Lymphomas generally appear as a swell of one or more lymph nodes on a specific location, sometimes widely spread. Liver and spleen might increase in size as well, but this doesn’t usually happen in conjunction with lymph nodes swelling. As the disease advances, many symptoms develop which are closely linked to a specific affected area along with general symptoms and signs of disease which include high temperature, night sweating, and exhaustion, loss of appetite and loss of weight along with itchiness all over the body. Due to the affection of bone marrow, blood disorders may occur as well. These manifest themselves as a reduced number of red blood cells, a reduced number of white blood cells, as well as thrombocytes, inflammations, bleeding and anemia. Indolent lymphoma tends to advance slowly, often with no obvious symptoms. Because of this they usually stay hidden until they reach an advanced stage; in other words, this condition is difficult to diagnose until it’s already wide spread.
Most patients experience the presence of enlarged and painless lymph nodes. Before establishing a diagnosis for lymphoma, it’s necessary to eliminate any presence of bacterial, virus or parasitic infection. Every node which has been enlarged for more than 6 weeks and larger than 1 centimeter in diameter needs to be considered as a threat. A sample of its cell can easily be extracted for further testing and analysis. Patients may complain about presence of general symptoms including respiratory problems, digestive problems etc. Also, many patients experience pressure in their lungs as well as an irritable cough. If there is a mass of tumor cells developing in the abdomen, symptoms become localized and express pain in the belly, feeling of fullness etc.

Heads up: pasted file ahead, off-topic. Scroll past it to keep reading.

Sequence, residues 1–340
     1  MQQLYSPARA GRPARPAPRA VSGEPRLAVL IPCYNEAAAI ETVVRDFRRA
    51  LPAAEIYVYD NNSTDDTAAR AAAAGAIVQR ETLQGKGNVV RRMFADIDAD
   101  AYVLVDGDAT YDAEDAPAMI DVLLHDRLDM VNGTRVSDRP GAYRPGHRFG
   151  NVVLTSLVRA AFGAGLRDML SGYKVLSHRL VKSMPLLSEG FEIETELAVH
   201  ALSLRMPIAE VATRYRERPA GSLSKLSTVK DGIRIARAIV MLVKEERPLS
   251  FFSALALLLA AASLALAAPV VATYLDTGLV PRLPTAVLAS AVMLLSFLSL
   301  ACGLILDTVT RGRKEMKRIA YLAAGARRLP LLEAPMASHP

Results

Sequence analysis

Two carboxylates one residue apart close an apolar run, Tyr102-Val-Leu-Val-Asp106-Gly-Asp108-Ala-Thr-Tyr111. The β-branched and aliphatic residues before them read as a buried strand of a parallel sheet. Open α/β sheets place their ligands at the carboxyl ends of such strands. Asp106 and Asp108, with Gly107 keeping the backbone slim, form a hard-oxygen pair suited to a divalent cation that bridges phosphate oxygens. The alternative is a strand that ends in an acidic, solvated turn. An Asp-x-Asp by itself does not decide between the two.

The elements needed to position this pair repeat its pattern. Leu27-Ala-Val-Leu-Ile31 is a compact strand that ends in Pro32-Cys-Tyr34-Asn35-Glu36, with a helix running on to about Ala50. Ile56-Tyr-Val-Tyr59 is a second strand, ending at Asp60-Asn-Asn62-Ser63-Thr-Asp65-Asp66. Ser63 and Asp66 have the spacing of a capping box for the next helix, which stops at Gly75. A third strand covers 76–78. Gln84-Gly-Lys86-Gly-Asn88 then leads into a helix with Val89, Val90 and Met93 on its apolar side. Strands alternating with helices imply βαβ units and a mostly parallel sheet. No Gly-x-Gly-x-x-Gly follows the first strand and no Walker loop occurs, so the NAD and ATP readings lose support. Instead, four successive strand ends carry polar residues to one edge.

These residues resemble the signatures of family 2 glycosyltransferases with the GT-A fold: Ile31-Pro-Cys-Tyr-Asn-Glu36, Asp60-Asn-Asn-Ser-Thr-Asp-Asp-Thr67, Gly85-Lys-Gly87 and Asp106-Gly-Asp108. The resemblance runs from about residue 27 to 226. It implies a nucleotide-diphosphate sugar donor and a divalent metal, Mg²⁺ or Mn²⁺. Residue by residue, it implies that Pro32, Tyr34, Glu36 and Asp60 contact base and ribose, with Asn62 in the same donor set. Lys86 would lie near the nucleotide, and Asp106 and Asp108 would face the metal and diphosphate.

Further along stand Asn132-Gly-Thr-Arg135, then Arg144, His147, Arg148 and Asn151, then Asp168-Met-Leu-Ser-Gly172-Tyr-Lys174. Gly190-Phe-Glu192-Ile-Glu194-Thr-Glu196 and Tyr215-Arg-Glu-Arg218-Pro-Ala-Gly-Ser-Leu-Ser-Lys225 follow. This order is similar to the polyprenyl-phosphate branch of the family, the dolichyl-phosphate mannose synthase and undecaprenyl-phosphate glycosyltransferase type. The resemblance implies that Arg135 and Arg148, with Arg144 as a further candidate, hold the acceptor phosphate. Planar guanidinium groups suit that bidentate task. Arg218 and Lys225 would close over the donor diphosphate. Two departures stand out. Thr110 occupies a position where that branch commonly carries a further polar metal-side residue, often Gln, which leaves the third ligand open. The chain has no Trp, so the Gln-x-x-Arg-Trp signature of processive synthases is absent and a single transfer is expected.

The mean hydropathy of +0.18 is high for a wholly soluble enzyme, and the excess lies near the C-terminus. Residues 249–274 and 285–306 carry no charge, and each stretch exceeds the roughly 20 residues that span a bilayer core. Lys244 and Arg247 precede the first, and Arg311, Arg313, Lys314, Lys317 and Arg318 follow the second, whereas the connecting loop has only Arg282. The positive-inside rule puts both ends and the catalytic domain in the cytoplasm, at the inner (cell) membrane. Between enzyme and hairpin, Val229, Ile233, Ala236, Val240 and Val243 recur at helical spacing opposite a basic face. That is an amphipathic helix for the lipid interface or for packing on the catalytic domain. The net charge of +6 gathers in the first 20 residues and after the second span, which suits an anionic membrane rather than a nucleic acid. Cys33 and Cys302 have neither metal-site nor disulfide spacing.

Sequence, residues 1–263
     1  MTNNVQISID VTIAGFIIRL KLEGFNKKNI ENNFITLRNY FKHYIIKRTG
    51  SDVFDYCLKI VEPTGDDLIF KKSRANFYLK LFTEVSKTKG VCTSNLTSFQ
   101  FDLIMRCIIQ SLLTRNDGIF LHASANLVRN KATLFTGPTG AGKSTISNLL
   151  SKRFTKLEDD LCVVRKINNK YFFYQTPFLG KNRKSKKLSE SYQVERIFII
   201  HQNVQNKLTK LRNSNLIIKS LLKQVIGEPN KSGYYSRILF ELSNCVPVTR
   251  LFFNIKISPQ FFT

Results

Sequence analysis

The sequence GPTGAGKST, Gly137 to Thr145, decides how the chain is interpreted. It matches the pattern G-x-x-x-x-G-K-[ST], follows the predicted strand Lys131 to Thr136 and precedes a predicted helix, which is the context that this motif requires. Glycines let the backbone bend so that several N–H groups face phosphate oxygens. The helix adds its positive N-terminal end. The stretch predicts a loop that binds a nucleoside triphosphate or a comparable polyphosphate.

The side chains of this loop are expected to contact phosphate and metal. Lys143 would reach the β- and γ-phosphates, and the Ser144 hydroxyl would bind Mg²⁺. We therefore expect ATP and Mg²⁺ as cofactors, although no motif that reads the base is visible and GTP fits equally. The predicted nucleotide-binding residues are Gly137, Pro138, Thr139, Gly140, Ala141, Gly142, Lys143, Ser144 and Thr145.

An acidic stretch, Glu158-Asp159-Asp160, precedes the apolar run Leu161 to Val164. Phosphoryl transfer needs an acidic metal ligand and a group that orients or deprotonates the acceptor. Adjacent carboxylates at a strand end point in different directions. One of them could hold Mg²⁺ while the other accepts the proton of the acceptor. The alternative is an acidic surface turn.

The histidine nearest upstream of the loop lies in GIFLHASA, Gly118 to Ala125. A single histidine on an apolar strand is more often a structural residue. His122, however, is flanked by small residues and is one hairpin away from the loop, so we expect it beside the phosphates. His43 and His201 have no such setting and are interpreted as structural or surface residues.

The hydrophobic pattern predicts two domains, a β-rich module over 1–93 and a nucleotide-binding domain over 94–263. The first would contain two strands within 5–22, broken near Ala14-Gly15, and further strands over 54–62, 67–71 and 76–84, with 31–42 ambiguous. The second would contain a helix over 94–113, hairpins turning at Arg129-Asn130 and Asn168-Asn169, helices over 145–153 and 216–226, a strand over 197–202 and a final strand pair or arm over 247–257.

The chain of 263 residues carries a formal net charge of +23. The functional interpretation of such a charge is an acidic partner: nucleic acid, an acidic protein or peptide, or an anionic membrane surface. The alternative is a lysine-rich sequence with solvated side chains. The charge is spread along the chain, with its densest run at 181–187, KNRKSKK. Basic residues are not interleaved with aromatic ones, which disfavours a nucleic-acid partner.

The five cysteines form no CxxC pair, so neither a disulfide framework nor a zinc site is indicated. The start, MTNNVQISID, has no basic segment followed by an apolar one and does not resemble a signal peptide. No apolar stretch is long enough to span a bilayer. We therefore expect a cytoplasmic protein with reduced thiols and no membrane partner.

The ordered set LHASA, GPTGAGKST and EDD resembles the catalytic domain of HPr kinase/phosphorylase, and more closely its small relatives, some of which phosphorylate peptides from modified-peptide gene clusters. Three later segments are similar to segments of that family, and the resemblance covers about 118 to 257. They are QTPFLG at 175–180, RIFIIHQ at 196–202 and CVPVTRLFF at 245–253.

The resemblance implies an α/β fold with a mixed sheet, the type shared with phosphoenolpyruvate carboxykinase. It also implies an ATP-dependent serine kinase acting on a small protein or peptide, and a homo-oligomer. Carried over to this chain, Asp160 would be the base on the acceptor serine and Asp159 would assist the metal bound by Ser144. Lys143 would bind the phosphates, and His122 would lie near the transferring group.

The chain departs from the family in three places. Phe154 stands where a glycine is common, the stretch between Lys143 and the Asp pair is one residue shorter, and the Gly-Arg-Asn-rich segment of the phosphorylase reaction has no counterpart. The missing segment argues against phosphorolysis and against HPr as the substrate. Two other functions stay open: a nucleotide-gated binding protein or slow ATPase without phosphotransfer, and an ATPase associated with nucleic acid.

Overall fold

Besides diagnosis which is based on lymphoma symptoms in women especially, treating of the disease is another difficult and complex task to behold. Most important factors which can specify the type of treatment for lymphoma include stage of the illness, type of tumor (cellular), affection of any other organs besides lymph nodes, the overall health condition of the patient and the presence of symptoms. There are four stages to differ, where stages I and II represent a localized disease, whereas III and IV represent an advanced stage of the disease.
Indolent lymphomas are especially difficult for treatment. Even though these do respond well to therapy, these responses are usually very short in terms of longevity. Because of the indolent progress (slow growth), treatment is usually postponed until first symptoms appear, or the progress doesn’t become more aggressive, which is a so called “watch and wait” approach. If these lymphomas are not treated, they can spread very easily and soon end up with fatal consequences. This can take between six months and three years.
Generally speaking, treatment approach for treating aggressive forms of lymphoma is to completely heal it, while for the indolent ones the approach goes in the direction of postponing and eliminating the remission of the disease.